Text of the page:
The Conscience Of Indian Justice System
The Creed of Indian Nationalism
Socialism derives from the same impulse as Capitalism, and they are both an expression of a self-serving collective ego-principle, though they seem to be different in their essential outward manifestations and practical utilities. Socialism has provided the world with its irrefutable proof of socialist society founded on the idea of equal rights and means for all, while Capitalism, in sharp contrast, moves away from these trenchant formulae of the Communist ideologies towards individual freedom and growth as the very basis of its practical philosophy. While socialist societies are only a few, we have been witnessing a growing domination of them in the emerging world order, in its fragile economic structure, in the high seas for domination and desire for more territorial control, and capitalist economies respond to them by way of trade war and economic sanctions and by occasionally sending a fleet of nuclear-capable aircraft carriers as a measured response to their aggression. India, on the other hand, is neither of these two, but only a pale and confused shadow of the present world order, — or more properly, disorder — trying to negotiate her way through the standards set by these two larger powers of the world and thereby, trying to create a niche for her own survival. A free democratic society founded on these immediate and existing compulsions of the world, whether economic or military, cannot hope to grow into a true principle of self-governance, aided only by its own strength and vision in the act and purpose of becoming a great Nation. A sense of jurisprudence arising out of her present mentality, out of her vast systems of governance, determines the conscience of effective administering of justice and therefore, our focus here must be to determine if it is free from domestic as well as external compulsions and free of interference of all sorts. A society or Nation in the twilight of an age of intellectual decadence seeks often to define itself by external standards and extraneous influences, for it is already a prisoner of the decaying world order, and any attempt to extricate itself from the confusion brings about a greater opposition to its survival. As a Nation, she is also bound to domestic compulsions and vagaries of political stupidities and machinations, often ratified by Parliament into laws foist on her peoples much against their dismay and disbelief, and her democratic institutions and systems suffer as a result of these self-centred misadventures of the political class.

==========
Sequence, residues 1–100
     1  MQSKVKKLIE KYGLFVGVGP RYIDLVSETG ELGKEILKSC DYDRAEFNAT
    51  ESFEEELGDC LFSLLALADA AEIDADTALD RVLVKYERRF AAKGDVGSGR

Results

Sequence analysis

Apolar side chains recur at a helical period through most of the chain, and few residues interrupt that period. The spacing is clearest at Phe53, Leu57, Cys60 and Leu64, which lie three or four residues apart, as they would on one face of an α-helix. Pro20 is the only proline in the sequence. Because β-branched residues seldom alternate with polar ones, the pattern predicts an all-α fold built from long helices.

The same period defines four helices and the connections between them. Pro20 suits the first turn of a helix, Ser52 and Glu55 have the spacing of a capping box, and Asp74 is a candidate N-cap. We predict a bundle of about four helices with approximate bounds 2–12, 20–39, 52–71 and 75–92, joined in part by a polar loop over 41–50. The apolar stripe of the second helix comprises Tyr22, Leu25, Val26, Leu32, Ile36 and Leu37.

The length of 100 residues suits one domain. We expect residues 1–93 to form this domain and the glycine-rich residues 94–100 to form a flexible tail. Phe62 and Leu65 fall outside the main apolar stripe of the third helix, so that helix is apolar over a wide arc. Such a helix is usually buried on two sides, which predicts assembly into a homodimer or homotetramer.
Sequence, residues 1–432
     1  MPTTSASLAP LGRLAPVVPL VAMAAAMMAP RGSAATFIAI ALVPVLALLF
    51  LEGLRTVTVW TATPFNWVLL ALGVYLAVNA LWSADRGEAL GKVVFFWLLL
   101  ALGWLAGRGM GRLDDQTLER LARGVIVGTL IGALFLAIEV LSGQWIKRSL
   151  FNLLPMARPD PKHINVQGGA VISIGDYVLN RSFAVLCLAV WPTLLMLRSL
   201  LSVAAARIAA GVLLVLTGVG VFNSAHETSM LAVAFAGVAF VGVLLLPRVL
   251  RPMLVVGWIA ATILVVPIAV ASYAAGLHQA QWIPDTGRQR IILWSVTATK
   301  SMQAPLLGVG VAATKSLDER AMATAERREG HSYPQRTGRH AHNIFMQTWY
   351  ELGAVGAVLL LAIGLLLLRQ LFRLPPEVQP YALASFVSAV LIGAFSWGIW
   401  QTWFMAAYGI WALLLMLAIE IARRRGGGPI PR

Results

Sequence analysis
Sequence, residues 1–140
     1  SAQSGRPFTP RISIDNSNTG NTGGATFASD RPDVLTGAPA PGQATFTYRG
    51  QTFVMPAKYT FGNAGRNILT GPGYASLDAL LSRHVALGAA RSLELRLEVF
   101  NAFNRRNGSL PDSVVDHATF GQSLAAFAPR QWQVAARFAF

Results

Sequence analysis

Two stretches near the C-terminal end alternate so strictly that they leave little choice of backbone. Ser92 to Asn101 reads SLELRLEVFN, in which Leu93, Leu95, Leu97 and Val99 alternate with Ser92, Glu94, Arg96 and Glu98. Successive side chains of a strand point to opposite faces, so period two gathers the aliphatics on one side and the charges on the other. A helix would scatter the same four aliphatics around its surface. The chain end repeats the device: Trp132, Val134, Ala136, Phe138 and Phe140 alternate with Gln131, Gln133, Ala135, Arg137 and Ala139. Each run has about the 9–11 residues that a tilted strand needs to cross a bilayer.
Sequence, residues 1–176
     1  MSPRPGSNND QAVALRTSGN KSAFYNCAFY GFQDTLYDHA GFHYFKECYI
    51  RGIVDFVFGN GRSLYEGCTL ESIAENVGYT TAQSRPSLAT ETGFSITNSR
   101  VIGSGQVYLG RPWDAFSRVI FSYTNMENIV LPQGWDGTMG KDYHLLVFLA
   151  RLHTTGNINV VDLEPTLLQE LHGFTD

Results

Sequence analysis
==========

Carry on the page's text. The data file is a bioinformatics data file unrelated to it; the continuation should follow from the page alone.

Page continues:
The constitutional laws of India are already rendered impotent and ineffective by an equal number of constitutional amendments to please and placate, rendering the justice system equally impotent and ineffective in administering justice, often protracted in legal battle, and in outcome unsatisfactory or utterly contradictory to natural justice. This is a bane of the Indian criminal justice system particularly, for justice denied or delayed or reversed under political pressure or otherwise is a great injustice perpetrated on the innocent and the gullible. That the State is impervious to peoples’ suffering, compounded by an indifferent justice system is a sad reminder of a Nation still in her slavery and that she is not yet entirely free from her moorings. The Spirit Of India is symbolic of and in practical implication a wide, all-embracing love for her peoples and for the peoples of the world, who are open to her spiritual influence and purity of sacrifice, to her high morals and infallible conduct of life, to her sempiternal wisdom and ever-youthful knowledge; she is not a mere landscape, amputated and constricted on all sides by hostile neighbours, she is a Shakti by whom all her subjects are sustained, and she will regain in the advent of her becoming even a greater Force of the Supreme all that she had lost. A constitutional or judicial law which does not derive from the high principle of her larger Spirit, from the basis of her inherent unity, from the depths of her profound love and sympathy, cannot hope to last long or bring about a positive change either in the psyche of men or the society. Jurisprudential ignorance is one of the worst forms of a self-appointed ego-principle, which largely lives in the limelight of its own glory and is impervious to the dictates of a self-affirmative light of the divine Spirit, which, on the contrary, lives in its native truth and wisdom, and it is from the latter that an all-comprehensive, integral sense of jurisprudential knowledge, free from mental bias and vital acrimony, can successfully emerge and govern the core conscience of Indian justice system.